(Available from Criterion Collection / Reader PopMatters review here.

4. The Ghoul (Gareth Tunley, 2016)

The hero (Tom Meeten) tells his therapist that in his dreams, some things are very detailed and others are vague. This movie tells you bluntly what it's up to: a Möbius strip narrative that loops back on itself , as attributed to the diabolical therapists for their cosmic purposes. Then we just wait for the hero to come full circle and commit the crime that, as a cop, he's supposedly investigating. But this doesn't tell us whether he's really an undercover cop pretending to be depressed, or really a depressive imagining he's a cop, so some existential mysteries will never be answered. It's that kind of movie, indebted to David Lynch and other purveyors of nightmarish unreality. Arrow's disc offers a making-of, a commentary from writer-director Gareth Tunley and Meeten along with a producer, and a short film from Tunley and Meeten.

(Available from Arrow Video)

​5. The Illustrated Man (Jack Smight, 1969)

When a young man goes skinny-dipping with a mysterious stranger (Rod Steiger) who's covered with tattoos, the pictures comes to life in a series of odd stories, all created by Ray Bradbury and featuring Steiger and Claire Bloom in multiple roles. Nobody was satisfied with this failure, and it remains condemned to not having reached its potential. So why does Warner Archive grace it with a Blu-ray? Because even its failure has workable elements, including Jerry Goldsmith's score and the cold neatness of the one scene people remember: "The Veldt", which combines primal child/parent hostilities (a common Bradbury theme) with early virtual reality. It answers the question of why the kids spend so much time in their room, and why they're hostile at being pulled away.

(Available from Warner Bros.)

6. The Hidden (Jack Sholder, 1987)


In one of my favorite action movies of the '80s, a post-Blue Velvet and pre-Twin Peaks Kyle MacLachlan plays an FBI agent who forms a buddy-cop bond with Michael Nouri while pursuing a perp -- a bodiless entity that plugs into the human id. In the midst of slam-bang action comes a pivotal moment when a startling question is asked: "How do you like being human?" The heart of the movie, rich in subtext, finds two men learning to embrace what's alien to them. In pop-culture evolution, this movie falls between Hal Clement's novel Needle and the TV series Alien Nation. On this Warner Archive Blu-ray, Sholder offers a commentary with colleague Tim Hunter.

(Available from Warner Bros.)

7. Twin Peaks: Fire Walk With Me (David Lynch, 1992)

Speaking of Twin Peaks, here we have a textbook example of a movie that pleased almost nobody upon its release but has now generated such interest, thanks in large part to this year's Twin Peaks revival, that it arrives on Criterion. A feature-film prequel to David Lynch and Mark Frost's original TV serial that answered none of its questions and tossed in a raft of new ones, the film functions as one of cinema's most downbeat, disruptive and harsh depictions of a middle-class American teenage girl's social context. Sheryl Lee delivers a virtuoso performance that deserved the Oscar there was no way she'd be nominated for, and she wasn't. The extras, including a 90-minute film of deleted and alternate takes assembled by Lynch, have been available on previous sets.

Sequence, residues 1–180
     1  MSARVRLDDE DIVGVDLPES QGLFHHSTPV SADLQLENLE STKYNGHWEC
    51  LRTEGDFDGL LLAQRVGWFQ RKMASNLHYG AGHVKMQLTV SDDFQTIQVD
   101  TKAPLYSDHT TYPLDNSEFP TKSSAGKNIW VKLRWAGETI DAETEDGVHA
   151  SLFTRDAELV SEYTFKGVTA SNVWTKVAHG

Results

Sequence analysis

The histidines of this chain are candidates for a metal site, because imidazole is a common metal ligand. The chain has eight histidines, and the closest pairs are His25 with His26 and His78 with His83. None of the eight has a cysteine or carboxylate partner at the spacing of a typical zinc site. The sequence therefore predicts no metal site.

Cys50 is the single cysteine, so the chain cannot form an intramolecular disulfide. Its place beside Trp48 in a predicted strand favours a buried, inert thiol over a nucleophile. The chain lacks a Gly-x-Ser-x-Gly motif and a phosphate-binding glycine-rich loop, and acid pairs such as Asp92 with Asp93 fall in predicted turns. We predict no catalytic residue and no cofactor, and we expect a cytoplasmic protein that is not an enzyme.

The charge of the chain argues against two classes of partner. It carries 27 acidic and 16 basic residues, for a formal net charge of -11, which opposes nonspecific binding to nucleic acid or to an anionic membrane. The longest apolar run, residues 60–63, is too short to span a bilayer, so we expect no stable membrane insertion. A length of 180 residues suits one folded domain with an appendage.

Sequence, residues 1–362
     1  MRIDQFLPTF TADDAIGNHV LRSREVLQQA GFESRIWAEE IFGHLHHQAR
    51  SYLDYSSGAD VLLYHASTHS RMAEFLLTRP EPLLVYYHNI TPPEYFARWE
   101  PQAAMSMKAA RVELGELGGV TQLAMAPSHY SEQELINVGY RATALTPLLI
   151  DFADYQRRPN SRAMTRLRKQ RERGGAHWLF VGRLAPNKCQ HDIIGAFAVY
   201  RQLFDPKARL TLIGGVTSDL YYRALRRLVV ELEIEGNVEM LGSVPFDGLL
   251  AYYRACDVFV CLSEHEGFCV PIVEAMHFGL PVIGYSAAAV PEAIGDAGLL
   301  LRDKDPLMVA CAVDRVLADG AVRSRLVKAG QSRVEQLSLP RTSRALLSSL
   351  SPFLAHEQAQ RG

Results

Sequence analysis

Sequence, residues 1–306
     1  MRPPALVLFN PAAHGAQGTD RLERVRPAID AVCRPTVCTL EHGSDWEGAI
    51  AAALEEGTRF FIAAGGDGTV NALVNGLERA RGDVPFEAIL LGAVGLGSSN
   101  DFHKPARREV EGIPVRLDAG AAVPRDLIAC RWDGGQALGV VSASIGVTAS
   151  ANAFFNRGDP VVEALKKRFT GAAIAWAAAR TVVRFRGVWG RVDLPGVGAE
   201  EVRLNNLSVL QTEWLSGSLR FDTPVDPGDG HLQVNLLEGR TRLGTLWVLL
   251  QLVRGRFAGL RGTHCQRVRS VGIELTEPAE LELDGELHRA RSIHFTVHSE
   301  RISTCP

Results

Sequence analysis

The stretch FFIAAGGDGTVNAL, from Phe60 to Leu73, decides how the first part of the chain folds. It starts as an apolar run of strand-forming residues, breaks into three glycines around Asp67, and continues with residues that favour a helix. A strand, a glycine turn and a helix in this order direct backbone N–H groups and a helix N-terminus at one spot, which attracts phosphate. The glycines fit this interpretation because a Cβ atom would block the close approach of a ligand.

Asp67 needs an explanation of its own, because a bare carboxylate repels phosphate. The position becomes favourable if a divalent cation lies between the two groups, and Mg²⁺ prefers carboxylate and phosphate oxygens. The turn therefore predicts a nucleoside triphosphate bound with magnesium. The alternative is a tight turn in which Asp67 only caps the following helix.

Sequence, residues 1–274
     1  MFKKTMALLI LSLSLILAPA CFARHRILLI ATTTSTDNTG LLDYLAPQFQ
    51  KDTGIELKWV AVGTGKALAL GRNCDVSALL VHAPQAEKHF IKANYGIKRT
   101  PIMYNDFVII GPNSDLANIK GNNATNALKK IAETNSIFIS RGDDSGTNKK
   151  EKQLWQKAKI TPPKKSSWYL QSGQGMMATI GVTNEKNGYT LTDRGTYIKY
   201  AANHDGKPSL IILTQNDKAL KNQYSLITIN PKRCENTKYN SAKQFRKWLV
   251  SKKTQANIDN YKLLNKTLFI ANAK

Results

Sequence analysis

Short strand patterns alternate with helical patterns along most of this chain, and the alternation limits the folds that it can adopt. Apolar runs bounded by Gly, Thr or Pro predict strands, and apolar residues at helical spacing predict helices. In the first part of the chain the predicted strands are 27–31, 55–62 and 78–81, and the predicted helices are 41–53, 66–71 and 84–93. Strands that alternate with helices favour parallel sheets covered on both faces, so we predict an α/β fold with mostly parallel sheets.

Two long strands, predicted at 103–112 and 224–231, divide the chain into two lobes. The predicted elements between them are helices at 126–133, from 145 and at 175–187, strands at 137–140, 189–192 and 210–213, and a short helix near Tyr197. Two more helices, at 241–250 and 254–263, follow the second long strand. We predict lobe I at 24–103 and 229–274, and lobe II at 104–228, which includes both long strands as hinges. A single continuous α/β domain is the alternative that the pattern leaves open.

(Available from Criterion Collection)

8. The Green Slime (Kinji Fukasaku, 1968)

Incredibly, Warner Archive upgrades its on-demand DVD of a groovy, brightly colored creature feature with this Blu-ray. As a clever reviewer indicated in this PopMatters review, what director Kinji Fukasaku saw as a Vietnam allegory functions more obviously as a manifestation of sexual tension between alpha-jock spacemen competing for the attention of a foxy female scientist, and this subconsciously creates an explosion of big green tentacled critters who overrun the space station. While we don't believe in "so bad it's good," this falls squarely into the category of things so unfacetiously absurd, they come out cool. There's a sublimely idiotic theme song.

(Available from Warner Bros.)

If the idea is that earth, water, fire, air and space constitute the core elements of life, then these five songs might seem as their equivalents to surviving the complications that come from embracing the good and enduring the ugly of the Christmas season.

Memory will never serve us well when it comes to Christmas and all its surrounding complications. Perhaps worse than the financial and familial pressures, the weather and the mad rush to consume and meet expectations, to exceed what happened the year before, are the floods of lists and pithy observations about Christmas music. We know our favorite carols and guilty pleasures ("O Come All Ye Faithful", "Silent Night"), the Vince Guaraldi Trio's music for 1965's A Charlie Brown Christmas that was transcendent then and (for some, anyway) has lost none of its power through the years, and we embrace the rock songs (The Kink's "Father Christmas", Greg Lake's "I Believe In Father Christmas", and The Pretenders' "2000 Miles".) We dismiss the creepy sexual predator nature in any rendition of "Baby, It's Cold Outside", the inanity of Alvin and the Chipmunks, and pop confections like "I Saw Mommy Kissing Santa Claus".